For any observed values of the independent variables, when the predicted value of p is greater than or equal to .5 (viewed as predicting success) then the % correct is equal to the value of the observed number of successes divided by the total number of observations (for those values of the independent variables). When p < .5 (viewed as predicting failure) then the % correct is equal to the value of the observed number of successes divided by the total number of observations. These values are weighted by the number of observations of that type and then summed to provide the % correct statistic for all the data.

For example, for the case where Rem = 450, p-Pred = .774 (cell J10), which predicts success (i.e. survived). Thus the % Correct for Rem = 450 is 85/108 = 78.7% (cell N10). The weighted sum (found in cell N16) of all these cells is then calculated by the formula =SUMPRODUCT(N6:N15,H6:H15)/H16.

51 Responses to Significance Testing of the Logistic Regression Coefficients

  1. Mark Harmon says:

    Hi Charles,
    Excellent work! I was wondering if you wouldn’t mind providing a bit more clarity to the calculation of the standard errors of the logistic regression coefficients. Any chance you could show the actually matrix work that had to be done? You’ve listed the basic formulas but it’s not clear (to me anyway). I’ve looked everywhere on the Internet and there is no specific documentation on how to construct the covariance matrix of the logistic regression coefficients. You did it with a supplemental function you created. I am hoping to get the s.e. of those coefficients so I can manually calculate the Wald statistic for each coefficient. Unbelievably, there is zero documentation on the Internet on how to do that. A huge thanks for any help in advance.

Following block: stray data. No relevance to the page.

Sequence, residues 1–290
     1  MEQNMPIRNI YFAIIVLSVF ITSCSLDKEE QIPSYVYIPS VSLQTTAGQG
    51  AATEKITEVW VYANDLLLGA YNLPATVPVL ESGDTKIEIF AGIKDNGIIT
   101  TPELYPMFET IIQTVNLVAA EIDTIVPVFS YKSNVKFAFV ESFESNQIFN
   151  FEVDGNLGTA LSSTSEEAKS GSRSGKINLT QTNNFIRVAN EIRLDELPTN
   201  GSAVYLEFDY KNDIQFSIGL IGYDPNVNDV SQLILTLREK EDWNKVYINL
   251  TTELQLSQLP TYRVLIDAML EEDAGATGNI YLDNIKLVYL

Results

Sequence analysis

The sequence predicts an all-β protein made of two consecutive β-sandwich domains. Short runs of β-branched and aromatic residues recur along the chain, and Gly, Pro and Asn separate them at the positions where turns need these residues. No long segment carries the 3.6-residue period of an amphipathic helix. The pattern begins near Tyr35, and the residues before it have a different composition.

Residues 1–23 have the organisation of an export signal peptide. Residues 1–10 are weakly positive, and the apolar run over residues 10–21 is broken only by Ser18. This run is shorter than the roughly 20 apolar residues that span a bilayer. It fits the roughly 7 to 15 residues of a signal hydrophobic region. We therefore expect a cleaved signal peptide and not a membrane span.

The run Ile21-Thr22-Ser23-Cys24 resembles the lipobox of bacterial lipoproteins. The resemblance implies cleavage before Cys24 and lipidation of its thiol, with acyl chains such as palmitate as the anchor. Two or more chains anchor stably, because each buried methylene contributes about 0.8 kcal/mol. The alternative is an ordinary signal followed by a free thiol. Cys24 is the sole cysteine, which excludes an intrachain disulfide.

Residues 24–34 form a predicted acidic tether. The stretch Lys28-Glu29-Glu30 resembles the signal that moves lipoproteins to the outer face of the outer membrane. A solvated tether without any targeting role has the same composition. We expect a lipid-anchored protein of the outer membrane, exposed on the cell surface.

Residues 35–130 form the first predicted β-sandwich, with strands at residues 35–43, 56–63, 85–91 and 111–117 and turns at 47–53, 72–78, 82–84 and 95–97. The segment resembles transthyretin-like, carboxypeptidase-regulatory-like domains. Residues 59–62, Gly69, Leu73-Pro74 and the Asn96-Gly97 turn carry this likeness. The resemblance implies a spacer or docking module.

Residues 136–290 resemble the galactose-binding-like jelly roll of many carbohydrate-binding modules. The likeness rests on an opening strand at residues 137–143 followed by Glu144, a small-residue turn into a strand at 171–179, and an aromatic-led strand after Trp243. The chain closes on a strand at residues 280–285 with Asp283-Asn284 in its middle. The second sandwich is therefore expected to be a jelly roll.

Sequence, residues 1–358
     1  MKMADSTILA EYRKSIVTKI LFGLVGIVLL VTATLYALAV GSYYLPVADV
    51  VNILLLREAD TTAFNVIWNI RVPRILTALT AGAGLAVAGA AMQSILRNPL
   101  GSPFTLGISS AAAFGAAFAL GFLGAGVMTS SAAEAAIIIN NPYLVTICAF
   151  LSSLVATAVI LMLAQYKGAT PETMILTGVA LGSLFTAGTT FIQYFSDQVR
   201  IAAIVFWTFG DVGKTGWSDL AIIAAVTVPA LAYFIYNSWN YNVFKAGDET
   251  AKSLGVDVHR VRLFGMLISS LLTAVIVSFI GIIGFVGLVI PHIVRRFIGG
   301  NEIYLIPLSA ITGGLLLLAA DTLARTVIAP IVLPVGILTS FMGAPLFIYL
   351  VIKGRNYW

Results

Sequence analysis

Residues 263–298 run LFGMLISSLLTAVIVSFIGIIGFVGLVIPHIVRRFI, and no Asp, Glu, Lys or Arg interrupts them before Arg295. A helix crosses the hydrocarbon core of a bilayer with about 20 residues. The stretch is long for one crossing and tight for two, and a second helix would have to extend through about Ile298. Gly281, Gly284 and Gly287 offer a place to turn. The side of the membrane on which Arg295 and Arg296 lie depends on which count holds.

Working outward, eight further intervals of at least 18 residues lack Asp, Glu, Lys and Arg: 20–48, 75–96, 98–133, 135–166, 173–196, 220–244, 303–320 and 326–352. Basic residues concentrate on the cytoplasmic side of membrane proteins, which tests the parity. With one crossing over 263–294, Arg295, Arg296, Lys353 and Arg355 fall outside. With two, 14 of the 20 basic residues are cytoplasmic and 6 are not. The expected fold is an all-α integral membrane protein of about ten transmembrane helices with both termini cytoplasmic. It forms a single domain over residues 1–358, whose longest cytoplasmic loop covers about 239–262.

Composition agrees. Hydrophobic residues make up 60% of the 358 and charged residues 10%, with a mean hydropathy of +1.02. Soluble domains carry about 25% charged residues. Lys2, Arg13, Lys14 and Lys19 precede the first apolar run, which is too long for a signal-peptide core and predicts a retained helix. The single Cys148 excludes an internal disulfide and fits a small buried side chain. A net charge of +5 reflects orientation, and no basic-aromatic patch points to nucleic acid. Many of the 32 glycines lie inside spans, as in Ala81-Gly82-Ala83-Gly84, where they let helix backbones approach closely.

• Charles says:

      Thanks for your comment. The standard errors are the square roots of the values on the main diagonal of the covariance matrix. In the next day or two I will update the website with a better description of how to calculate the covariance matrix.

      Update 20 Aug 2013: The site has now been updated with the Excel formula I used to calculate the covariance matrix of B. Charles

  2. Mark Harmon says:

    Hi Charles,
    Thanks for the quick reply and I really enjoy your fantastic site. I did have a question regarding your answer to my original question. Your answer above mentioned the following function DESIGN(E6:E15). I wasn’t able to find any documentation about that function. I was wondering if you might have any more information on it or a workaround (it doesn’t appear to be a function in Excel 2010)? Thanks in advance.

  3. Mark Harmon says:

    Hi Charles,

    Thanks for the info. I was able to work it out (I haven’t messed around with matrices since I was an undergrad engineering major in the 80’s). I had another quick question regarding the creation of the covariance matrix:

    The Design matrix (X) and the Diagonal Variance matrix (V) are created in your example with all of the data records sorted according to P(X) (p-pred) being in descending order.

    It appears to be necessary to sort the data records according to P(X) (p – pred) in descending order before creating the X and V matrices.